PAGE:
Biological Control Methods – Natural Enemies

There are also several biological control methods that can be used to stop citrus gall wasps.

For example, beneficial insects like Megastigmus brevivalvus and M. trisulcus are two parasitoid wasps that lay their eggs inside citrus gall wasp larvae.

The Megastigmus wasp larva then feeds on the citrus gall wasp larva, eventually killing it.

Unfortunately, these parasitoid wasps are not always effective at controlling citrus gall wasps because they can’t survive in very cold environments.

Chemical Controls

Chemical controls are usually the last resort for citrus growers because they can be harmful to the environment and human health.

There are several different insecticides that can be used to kill citrus gall wasps, but they are often not available to the general public because of their high toxicity levels.

Special permits are required to get access to these chemicals. However, Confidor® Guard (Imidacloprid) and Samurai® (Clothiandin) are insecticides that can be used to control citrus gall wasps.

Calcined Kaolin clay also works as an effective deterrent against citrus gall wasps. It works by creating a physical barrier to deter citrus gall wasp adults from laying eggs on citrus trees.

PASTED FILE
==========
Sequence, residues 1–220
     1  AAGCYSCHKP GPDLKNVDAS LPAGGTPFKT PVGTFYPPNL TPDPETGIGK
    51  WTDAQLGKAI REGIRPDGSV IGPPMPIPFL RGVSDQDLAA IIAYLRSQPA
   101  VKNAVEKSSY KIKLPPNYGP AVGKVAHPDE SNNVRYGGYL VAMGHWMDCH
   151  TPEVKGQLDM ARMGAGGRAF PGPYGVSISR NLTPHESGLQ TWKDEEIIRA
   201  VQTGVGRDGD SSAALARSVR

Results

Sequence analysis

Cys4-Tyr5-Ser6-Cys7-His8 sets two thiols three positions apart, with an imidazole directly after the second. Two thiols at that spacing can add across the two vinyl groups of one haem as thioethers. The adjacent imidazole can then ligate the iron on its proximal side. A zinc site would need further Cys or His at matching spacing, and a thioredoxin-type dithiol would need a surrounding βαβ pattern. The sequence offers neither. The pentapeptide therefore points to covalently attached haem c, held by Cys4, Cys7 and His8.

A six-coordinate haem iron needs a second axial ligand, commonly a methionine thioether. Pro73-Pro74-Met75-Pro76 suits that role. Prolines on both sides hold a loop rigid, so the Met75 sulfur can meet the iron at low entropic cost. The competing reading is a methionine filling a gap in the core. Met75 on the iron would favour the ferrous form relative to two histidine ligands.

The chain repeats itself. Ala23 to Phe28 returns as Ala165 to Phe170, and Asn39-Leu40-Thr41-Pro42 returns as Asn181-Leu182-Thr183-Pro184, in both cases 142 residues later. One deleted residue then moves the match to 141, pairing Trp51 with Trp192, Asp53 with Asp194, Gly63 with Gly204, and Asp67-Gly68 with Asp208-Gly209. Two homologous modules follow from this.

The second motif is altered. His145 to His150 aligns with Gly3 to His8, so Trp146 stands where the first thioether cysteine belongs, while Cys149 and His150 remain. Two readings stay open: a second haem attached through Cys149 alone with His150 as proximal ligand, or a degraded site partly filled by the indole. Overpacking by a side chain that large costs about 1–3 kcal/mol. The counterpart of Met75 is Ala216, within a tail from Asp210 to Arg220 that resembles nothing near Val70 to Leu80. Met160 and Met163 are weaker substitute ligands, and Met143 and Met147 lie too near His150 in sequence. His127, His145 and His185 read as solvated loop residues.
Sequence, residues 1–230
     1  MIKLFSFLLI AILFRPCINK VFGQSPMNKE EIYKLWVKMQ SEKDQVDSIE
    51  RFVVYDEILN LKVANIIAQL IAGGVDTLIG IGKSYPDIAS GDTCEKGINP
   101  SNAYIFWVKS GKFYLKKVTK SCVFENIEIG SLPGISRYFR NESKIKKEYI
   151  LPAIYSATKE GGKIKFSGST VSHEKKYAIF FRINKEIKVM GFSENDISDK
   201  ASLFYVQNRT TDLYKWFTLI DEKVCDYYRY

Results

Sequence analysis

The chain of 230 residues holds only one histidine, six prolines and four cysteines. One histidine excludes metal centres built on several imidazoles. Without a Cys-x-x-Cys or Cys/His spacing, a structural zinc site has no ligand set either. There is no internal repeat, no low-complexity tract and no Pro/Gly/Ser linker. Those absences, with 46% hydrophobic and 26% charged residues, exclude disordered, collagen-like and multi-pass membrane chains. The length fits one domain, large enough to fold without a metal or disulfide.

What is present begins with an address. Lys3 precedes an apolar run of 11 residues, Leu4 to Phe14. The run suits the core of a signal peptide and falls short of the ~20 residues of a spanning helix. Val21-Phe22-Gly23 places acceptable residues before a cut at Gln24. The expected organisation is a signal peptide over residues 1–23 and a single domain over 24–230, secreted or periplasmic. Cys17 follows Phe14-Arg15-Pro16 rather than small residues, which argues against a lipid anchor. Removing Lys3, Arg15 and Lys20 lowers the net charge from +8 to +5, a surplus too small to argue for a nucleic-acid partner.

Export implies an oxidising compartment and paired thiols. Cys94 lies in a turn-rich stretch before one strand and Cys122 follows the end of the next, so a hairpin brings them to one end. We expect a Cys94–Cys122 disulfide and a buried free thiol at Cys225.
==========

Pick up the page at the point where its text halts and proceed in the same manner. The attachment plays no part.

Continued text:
It is important to note that kaolin clay must be reapplied after rain or irrigation because it will wash off.

To use calcined kaolin clay, mix it with water and spray it onto the galls. The calcined kaolin clay will form a hard coating over the galls, suffocating the larvae inside.

Citrus growers can also use a combination of different control methods to stop citrus gall wasps.

For example, they could use horticultural oils to prevent citrus gall wasps from laying eggs and then use biological control methods to kill the larvae.

Or they could use calcined kaolin clay to deter citrus gall wasps and then use chemical controls as a last resort.

Whichever method you choose, it is important to act quickly to stop citrus gall wasps


Citrus gall wasps are a serious problem for citrus growers because they can cause extensive damage to citrus trees.

Fortunately, there are several different methods that can be used to stop citrus gall wasps.

The most effective method will depend on the severity of the infestation and the environment where the citrus trees are grown.

If you think you have a citrus gall wasp problem, it is important to act quickly to prevent the infestation from getting worse.

You can get a citrus gall wasp trap to get started with controlling the citrus gall wasp infestation.

If you have any questions, please feel free to contact us, and we will be glad to help you.